Optimizing the injection of recycled plastics

2 May 2022

Is injecting a recycled polymer more complicated than a virgin polymer? Not necessarily.

Take a look back at the injection tests carried out by Polyvia’s Industrial Performance division, in partnership with Kistler and Roctool, to discover the main points to watch out for and recommendations.

Although plastics recycling has developed considerably over the last ten years, the lack of experience in the processing of recycled plastic materials (RPM) remains a stumbling block for many manufacturers.

Polyvia’s Industrial Performance division is carrying out trials using a range of recycled materials (PET, PP, PC, PC/ABS, PA6, PA66, etc.) to study all injection parameters and support converters in this transition. The tests were carried out on Polyvia’s technical platform, using tooling from the high-temperature GEM demonstrator, Heat & Cool Roctool technology and a Kistler system for measuring in-mold pressure.

injection-plastique-recycle

Check material moisture content in the pre-processing phase

Some processors of recycled PA encounter problems at the injection stage. The first step in our study was to check the moisture content of the material. A high moisture content can lead to frosting (condensation of water on the mold wall), or even a deterioration in mechanical properties. Conversely, too low a humidity level can lead to irregularities in the filling of the mold cavity.

In our study of a technical recycled plastic from Lehvoss, a recycled PA66 – Luvotech Eco PA66 GF30 BK, we obtained a moisture content of between 0.05% and 0.1%, well below the 0.15% recommended for this type of polymer.

Adjust injection parameters 

With regard to the process itself, injection parameters did not vary significantly between virgin and recycled PA66, where only the switching point was adjusted. The holding profile remained of the same order. The cavity pressure curves measured for the two materials are superimposable, signifying identical molding processes.

In the case of materials other than polyamides (PP, PC, ABS, etc.), particular attention needs to be paid to the temperature profile, which will certainly have to be adjusted according to the material’s viscosity.

Improving the surface appearance of rPM parts

Very often, the aesthetics of parts made from recycled materials are not optimal. During tests, the Industrial Performance Division evaluates the impact of heat/cool technology on the surface finish and mechanical performance of parts injected from recycled materials. The Heat & Cool technology developed by Roctool works by induction, integrating networks of inductors into the mold cavity. Before filling, the mold surface is heated over a wide temperature range, from 50°C to 400°C, in a matter of seconds. Cooling is provided by water circuits integrated behind the inductor arrays.

By injecting into a hotter mold, we give the part a glossy appearance. For example, the gloss obtained for a recycled PC/ABS is 88GU with conventional injection molding, whereas with Roctool we obtain 108GU. What’s more, this eliminates weld lines and reduces internal stresses.

The cycle time for a part injected with Roctool technology can be longer, depending on the thermal cycle used, given the need to heat the mold surface to high temperature (in a few seconds), and then cool it down. To minimize this impact and achieve cycle times similar to conventional injection molding, the water flow supplied by the thermoregulators needs to be high, ideally close to 100L/min. With Roctool technology, we achieve improved surface finishes and more reproducible mechanical characteristics than with conventional injection molding.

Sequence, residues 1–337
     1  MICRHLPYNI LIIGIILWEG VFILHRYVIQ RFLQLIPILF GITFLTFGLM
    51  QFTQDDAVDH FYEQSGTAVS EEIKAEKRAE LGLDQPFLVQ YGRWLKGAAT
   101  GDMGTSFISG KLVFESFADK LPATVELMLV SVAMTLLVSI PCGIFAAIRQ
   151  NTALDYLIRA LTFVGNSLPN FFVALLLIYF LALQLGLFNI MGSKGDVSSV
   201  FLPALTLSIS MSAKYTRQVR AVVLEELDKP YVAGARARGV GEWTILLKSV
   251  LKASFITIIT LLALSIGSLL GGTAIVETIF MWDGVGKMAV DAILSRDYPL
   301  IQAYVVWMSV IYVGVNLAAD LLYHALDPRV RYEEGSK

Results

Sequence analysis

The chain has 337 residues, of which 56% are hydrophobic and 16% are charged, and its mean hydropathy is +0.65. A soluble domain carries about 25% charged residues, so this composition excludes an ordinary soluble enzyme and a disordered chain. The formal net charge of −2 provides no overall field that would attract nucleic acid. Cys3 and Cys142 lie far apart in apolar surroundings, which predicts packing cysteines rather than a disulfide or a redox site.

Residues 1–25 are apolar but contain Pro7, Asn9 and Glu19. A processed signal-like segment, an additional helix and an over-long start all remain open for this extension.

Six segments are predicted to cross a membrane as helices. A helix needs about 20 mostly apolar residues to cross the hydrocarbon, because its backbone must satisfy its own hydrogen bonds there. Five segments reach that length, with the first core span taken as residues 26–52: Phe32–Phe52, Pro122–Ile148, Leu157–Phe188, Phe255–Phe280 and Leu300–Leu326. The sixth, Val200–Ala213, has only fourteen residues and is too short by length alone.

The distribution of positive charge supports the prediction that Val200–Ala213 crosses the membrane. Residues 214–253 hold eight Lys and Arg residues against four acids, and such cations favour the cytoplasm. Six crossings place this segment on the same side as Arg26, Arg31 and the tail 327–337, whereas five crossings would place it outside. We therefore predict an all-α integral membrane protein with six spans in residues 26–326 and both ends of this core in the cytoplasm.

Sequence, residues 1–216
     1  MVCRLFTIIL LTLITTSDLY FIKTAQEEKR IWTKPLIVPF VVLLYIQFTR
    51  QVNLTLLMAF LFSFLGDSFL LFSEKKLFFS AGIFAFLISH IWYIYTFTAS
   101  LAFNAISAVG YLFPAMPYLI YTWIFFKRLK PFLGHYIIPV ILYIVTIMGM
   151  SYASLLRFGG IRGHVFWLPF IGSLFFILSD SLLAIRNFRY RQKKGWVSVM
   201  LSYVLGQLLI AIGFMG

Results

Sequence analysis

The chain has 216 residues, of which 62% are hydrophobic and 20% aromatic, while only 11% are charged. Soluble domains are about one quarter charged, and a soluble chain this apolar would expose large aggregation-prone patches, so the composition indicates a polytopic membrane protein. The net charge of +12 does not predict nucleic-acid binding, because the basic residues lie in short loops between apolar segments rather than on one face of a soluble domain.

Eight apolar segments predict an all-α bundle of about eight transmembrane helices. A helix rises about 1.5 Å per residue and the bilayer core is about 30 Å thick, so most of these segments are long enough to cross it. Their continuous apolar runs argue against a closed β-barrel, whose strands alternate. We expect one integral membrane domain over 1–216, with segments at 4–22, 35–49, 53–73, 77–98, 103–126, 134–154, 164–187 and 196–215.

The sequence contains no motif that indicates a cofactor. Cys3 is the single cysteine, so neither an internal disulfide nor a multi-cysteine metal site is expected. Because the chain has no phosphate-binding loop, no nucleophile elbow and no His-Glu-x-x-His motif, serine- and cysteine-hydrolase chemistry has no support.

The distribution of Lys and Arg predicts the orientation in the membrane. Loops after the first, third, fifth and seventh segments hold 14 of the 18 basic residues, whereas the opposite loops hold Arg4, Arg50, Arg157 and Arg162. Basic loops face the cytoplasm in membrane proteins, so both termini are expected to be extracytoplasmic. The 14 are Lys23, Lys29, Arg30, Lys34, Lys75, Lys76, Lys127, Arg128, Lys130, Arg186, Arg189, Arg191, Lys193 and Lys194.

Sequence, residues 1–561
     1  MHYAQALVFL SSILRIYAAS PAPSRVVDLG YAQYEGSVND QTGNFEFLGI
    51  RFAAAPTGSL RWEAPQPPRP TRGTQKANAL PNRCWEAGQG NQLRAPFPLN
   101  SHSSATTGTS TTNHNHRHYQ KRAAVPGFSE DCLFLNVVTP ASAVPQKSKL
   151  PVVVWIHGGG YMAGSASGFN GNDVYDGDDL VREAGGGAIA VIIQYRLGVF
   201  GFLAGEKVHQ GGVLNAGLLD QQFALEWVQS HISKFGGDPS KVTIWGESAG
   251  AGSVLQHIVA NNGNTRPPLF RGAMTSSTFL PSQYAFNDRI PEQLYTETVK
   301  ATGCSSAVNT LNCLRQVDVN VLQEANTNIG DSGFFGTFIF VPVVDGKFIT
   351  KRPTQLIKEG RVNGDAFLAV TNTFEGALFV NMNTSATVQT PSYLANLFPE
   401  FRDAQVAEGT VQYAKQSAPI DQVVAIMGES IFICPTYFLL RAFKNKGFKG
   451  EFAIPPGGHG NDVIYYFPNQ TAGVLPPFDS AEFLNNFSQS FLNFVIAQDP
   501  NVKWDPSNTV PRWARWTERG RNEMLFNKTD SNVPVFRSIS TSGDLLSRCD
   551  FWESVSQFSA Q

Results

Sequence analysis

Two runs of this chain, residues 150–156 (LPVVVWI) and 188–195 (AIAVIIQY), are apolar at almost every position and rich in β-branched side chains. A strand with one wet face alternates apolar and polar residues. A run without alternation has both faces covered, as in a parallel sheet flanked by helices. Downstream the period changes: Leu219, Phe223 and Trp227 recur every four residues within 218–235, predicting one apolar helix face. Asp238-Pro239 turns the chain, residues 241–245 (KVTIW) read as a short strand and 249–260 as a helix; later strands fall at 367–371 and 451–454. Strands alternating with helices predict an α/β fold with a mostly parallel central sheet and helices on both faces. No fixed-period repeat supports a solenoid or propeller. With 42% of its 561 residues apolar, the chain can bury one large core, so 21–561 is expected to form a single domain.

Anticipate batch variations and stabilize the process

When it comes to recycled material, batch-to-batch variation is a cause for concern. However, this doesn’t necessarily mean complex parameter adjustments.

Identifying reliable sources of recycled material remains paramount, but other solutions exist to simplify process monitoring and control.

In the tests carried out, Kistler’s sensor measurement system is used to observe and refine injection curves in real-time. The positioning of sensors in the mold cavity offers three major advantages, particularly in the case of RPM injection:

  • Capture information on the part, at the heart of the process: the microscope effect linked to the presence of sensors amplifies the visualization of filling phenomena and enables more precise curves to be obtained for better detection and anticipation of material variations.
  • Impression pressure control optimizes filling and provides greater stability to homogenize parts when changing from a batch of material A to a batch of material B, even in the event of viscosity variations.
  • Time-saving: tooling instrumentation provides reference pressure curves for more efficient set-up.

Parameter adjustments are simplified from cycle to cycle, avoiding production rejects.

Demonstrations

If a picture is worth a thousand words, a demonstration is certainly worth a hundred times more. To help you better understand the impact of recycled material on the injection process and the technologies that facilitate its transformation, demonstrations are available.

These can be organized on Polyvia Formation’s technical platforms in Lyon (equipped with Roctool’s Heat & Cool technology and the Kistler measuring system) or in Alençon (equipped with the Kistler measuring system).

https://www.polyvia.fr/fr/innovation-materiaux/optimiser-linjection-de-matieres-plastiques-recyclees

 

Contact Polyvia’s Industrial Performance Division to find out more.


performance-industrielle@polyvia.fr

+33 9 71 00 99 52

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